(Lowell) We are usually mired in the mundane of everyday, and we can’t see movement in our own internal characters. That’s why we tend to want some movement in the characters we see on stage. In a good play, a protagonist cannot be the same in the end as she was in the beginning; she must at least gain some scars from experience. The rare exception is a script that goes for the meditative study of a character, as if peeling back layers of a soul like an onion. To pull this off, the author must have deep sympathy for both the character and the human condition, and it’s a narrower road to tread. Continue reading →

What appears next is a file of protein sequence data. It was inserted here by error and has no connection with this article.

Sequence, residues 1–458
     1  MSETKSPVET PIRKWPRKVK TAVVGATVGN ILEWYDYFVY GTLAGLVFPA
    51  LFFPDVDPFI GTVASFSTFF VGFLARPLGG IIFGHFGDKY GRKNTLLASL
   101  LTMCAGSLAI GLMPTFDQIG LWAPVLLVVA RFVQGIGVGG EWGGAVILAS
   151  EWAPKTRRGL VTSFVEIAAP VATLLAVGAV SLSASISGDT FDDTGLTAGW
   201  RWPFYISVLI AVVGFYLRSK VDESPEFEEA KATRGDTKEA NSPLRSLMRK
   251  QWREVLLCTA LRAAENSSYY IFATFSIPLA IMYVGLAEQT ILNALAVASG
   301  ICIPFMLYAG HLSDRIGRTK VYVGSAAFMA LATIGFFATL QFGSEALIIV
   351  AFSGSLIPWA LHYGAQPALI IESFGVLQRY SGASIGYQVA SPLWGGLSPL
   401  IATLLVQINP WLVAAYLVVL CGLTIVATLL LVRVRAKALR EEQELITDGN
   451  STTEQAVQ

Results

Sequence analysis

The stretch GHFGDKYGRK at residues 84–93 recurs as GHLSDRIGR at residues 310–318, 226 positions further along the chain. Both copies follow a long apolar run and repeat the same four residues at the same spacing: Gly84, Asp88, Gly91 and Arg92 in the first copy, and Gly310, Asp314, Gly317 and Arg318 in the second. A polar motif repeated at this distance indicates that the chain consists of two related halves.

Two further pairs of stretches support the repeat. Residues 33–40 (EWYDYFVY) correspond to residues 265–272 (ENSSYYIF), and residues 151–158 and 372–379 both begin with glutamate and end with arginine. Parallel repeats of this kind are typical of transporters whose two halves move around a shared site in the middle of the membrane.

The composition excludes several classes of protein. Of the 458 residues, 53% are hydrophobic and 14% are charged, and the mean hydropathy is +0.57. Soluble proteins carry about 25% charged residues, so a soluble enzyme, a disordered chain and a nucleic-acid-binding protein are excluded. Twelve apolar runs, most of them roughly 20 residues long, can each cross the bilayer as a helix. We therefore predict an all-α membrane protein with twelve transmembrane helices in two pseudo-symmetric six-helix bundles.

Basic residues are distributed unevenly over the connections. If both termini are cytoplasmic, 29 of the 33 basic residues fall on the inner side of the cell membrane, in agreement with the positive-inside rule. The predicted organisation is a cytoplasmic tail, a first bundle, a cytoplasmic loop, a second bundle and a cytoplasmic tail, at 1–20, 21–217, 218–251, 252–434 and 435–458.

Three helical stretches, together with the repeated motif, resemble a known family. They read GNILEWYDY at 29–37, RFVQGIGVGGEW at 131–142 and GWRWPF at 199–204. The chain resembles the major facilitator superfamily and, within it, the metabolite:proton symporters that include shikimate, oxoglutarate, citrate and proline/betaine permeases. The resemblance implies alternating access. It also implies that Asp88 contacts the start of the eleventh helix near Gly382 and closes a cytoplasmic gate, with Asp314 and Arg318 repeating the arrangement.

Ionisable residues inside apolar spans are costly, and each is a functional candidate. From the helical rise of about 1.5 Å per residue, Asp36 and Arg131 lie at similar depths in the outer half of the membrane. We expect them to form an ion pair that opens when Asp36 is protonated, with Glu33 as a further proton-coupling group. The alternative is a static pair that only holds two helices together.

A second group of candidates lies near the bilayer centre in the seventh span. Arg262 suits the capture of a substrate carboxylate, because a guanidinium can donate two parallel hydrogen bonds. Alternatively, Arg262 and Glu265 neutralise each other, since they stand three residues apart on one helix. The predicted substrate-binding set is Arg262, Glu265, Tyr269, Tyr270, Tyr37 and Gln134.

(Boston, MA) Yasmina Reza grabs the audience by the jugular and does not let go for an hour and a half. The evening at the Novak’s house in God of Carnage could easily have a voice-over that says “when people stop being polite… and start getting real.” However, unlike The Real World, Yasmina Reza brings a much more believable situation to its drama than any tv reality show. By taking a situation that anyone can relate to and heightening it to the absurd degree, God of Carnage holds a mirror up to our inner demons and leaves us laughing through the pain. Under the direction of Daniel Goldstein, with a talented cast, and a cleverly constructed set, Huntington Theatre Company’s production of God of Carnage is a “must-see” show of the season.